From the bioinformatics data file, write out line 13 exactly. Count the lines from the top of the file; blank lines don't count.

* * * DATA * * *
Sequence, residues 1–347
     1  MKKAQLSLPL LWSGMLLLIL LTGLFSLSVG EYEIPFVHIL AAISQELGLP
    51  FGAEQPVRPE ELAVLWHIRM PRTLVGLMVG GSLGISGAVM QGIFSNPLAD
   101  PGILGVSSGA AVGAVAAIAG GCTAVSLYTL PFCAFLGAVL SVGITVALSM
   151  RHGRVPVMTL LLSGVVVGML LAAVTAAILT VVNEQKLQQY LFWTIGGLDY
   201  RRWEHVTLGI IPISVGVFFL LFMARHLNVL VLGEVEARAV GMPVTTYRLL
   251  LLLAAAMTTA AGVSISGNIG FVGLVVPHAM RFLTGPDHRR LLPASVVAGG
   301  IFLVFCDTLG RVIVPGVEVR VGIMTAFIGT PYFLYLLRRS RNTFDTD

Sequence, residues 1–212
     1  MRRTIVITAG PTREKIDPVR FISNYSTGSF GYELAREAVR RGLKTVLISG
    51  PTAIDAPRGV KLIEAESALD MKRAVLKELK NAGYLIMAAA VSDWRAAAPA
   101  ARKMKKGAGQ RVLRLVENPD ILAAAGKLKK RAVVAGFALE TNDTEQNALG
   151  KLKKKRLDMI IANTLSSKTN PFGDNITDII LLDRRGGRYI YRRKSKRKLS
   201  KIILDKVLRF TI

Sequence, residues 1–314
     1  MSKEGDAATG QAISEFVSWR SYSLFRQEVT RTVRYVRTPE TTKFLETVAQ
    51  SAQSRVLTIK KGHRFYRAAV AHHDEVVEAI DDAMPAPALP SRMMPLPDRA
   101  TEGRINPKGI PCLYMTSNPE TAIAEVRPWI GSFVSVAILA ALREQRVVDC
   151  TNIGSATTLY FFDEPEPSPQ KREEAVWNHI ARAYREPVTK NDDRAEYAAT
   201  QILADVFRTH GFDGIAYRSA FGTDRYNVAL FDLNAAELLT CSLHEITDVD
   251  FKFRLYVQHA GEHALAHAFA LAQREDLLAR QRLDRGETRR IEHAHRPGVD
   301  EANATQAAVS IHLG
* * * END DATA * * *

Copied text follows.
   151  KLKKKRLDMI IANTLSSKTN PFGDNITDII LLDRRGGRYI YRRKSKRKLS